What I Wish I Knew When I Was Diagnosed With IBD

"I have what . . . ?" Some IBD diagnoses come as a shock. Perhaps you had never even heard of Crohn's or colitis before you were diagnosed. Or maybe you had always had a clean bill of health and never considered the possibility of being diagnosed with a chronic condition down the road.

"Thank goodness I have answers." On the other hand, maybe you had been experiencing symptoms for a long time without any explanation. Perhaps this diagnosis came with some relief. You finally understood what had been causing your ongoing pain or discomfort.

No matter how you felt when you first received this life-altering news, you probably know some things now that you wish you had known then. And there are probably things you've learned over the course of your IBD journey that a newly diagnosed person could benefit from.

So we asked our advocates: What do you wish you knew when you were diagnosed that you know now?

Just diagnosed with Crohn's or UC: What I wish I knew then . . .

"I wish I knew how strong my illness would make me. I was so focused on all the horrible things that could happen in the future that I never considered how my UC would teach me how to handle something so debilitating with grace. I never considered that it would show me how to extend more empathy and understanding toward others. I never considered that it would help me cultivate relationships of kindness and support with others and that I would find a community of others who suffer, too. I never considered that it would turn me into an advocate for disability justice. I hope anyone who is facing diagnosis now knows that though it isn't easy to have a chronic illness, especially one that others might classify as embarrassing, it is the kind of life event that will shape them and show them even more truths about the world." –Eshani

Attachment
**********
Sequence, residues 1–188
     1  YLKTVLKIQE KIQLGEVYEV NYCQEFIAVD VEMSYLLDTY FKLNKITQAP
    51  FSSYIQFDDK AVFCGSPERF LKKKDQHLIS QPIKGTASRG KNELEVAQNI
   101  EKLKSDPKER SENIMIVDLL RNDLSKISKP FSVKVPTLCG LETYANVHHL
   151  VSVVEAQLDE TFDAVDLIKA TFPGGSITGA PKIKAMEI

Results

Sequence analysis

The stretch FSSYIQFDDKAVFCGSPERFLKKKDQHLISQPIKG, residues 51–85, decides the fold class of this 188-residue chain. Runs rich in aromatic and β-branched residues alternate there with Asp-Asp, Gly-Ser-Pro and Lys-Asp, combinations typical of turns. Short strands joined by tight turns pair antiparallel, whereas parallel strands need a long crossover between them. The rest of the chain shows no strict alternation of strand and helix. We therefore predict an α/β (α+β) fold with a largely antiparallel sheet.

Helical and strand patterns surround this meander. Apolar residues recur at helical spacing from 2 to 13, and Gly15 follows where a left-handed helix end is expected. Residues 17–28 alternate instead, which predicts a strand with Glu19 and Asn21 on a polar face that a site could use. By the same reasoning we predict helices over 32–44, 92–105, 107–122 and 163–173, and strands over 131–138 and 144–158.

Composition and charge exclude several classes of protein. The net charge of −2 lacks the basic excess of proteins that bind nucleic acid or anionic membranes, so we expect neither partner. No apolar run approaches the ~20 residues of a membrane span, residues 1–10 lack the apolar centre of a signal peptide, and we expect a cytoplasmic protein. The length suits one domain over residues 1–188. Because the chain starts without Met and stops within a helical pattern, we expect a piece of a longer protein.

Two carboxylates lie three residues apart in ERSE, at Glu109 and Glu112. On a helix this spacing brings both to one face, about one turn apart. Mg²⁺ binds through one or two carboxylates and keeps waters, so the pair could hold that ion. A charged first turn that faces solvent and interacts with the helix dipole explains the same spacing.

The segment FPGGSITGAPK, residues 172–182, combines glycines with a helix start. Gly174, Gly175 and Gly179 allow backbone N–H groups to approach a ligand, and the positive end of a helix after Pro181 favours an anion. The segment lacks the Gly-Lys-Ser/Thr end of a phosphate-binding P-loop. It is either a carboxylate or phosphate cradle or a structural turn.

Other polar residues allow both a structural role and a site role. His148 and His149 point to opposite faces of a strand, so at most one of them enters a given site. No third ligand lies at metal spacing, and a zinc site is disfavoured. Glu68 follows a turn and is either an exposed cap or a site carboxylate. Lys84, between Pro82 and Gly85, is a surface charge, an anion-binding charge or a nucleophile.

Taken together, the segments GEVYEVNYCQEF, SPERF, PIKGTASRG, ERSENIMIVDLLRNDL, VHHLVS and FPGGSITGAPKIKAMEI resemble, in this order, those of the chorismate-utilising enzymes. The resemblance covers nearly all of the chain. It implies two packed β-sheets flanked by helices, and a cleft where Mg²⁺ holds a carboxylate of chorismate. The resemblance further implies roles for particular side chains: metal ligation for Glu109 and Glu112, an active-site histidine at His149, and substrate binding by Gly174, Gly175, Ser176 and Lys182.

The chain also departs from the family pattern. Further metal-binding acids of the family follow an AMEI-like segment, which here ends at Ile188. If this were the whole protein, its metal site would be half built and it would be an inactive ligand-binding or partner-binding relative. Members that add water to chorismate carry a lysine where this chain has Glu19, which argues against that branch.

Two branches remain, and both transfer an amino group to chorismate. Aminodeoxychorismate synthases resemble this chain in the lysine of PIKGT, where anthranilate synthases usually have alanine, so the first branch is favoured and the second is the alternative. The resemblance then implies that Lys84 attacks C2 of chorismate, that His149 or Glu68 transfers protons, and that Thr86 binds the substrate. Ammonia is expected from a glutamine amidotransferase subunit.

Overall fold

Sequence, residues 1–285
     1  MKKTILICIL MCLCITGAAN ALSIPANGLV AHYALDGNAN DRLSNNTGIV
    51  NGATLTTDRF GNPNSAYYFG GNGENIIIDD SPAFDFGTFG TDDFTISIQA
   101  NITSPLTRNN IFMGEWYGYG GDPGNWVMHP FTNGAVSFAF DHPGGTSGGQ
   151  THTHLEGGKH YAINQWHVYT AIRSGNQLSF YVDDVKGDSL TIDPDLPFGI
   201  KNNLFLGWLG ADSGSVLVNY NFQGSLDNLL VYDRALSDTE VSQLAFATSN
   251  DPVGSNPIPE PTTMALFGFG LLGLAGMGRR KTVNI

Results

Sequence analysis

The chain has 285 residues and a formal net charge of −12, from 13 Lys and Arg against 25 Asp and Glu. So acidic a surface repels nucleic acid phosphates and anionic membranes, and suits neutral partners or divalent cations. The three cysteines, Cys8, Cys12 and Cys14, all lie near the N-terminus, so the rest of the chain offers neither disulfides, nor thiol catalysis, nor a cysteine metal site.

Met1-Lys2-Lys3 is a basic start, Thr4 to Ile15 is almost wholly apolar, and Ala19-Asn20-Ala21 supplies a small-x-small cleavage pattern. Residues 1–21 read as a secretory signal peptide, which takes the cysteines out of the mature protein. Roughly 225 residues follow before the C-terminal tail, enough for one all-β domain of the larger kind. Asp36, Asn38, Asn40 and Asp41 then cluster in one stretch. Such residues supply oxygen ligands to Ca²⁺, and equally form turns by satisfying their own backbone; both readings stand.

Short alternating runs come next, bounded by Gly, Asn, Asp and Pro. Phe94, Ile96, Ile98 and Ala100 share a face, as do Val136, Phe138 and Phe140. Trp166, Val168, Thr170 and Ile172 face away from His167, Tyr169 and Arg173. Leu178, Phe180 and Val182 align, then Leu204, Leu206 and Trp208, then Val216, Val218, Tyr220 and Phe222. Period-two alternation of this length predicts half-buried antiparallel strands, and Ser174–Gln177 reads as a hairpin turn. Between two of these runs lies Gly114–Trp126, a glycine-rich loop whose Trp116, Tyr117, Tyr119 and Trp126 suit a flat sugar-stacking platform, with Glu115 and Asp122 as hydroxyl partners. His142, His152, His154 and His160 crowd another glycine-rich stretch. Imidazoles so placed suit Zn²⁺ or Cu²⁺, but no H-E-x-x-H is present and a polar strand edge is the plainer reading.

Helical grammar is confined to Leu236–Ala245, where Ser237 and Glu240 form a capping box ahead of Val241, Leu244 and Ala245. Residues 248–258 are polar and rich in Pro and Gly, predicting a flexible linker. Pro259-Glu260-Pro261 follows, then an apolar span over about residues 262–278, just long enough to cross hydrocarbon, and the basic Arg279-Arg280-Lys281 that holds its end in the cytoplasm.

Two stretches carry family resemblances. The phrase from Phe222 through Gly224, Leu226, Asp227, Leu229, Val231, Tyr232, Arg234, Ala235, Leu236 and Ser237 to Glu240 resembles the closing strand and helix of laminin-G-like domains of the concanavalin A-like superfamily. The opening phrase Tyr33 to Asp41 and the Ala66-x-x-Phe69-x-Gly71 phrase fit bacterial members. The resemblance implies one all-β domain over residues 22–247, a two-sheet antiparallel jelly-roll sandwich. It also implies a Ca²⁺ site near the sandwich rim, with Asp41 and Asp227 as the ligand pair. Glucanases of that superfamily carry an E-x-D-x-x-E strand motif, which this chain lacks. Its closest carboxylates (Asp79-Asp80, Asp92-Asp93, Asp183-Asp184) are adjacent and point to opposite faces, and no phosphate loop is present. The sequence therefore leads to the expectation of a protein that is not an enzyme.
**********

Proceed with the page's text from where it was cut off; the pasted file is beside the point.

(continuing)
"You are not alone. I was diagnosed before social media, and no one I knew had ever heard of Crohn’s let alone known anyone with it. I became an introvert because of my illness. I wanted to just hide away and even tried suicide at one point (pills). Now with social media, there are hundreds of different platforms and forums with thousands and thousands of people, young and old, around the world with IBD or who know someone with IBD and understand what you're going through. Having a good support network is one of the best ways to help in dealing with the disease." –Vern

"I wish someone with experience had offered me advice about navigating ulcerative colitis. I was only 19 years old when I was diagnosed with UC. Today, at age 52, I know better because experience has been a 'good' teacher. Here’s the advice I offer anyone newly diagnosed with UC: First and foremost, be good and kind to yourself. Remove all stressors from your environment. Find ways to 'relax.' A relaxed body is better equipped to deal with a flare. Watch what you eat. It's common sense, but what goes in must come out. So be picky about food choices. I have learned what foods I can and cannot eat during a flare-up. Experience has taught me to adjust my diet in times of need. Find a good doctor – one who will truly listen to you. Each body is different, so medication that works for one person may not work for you. So, be patient as you navigate the medicinal path. But also become a good researcher. Only within the past decade have I realized the value of researching different methods and techniques for treating UC. You'll always have this disease. So, embrace your UC dragon (that’s my term of 'endearment') and then find ways to live with it that are most comfortable for you and your lifestyle." –Traci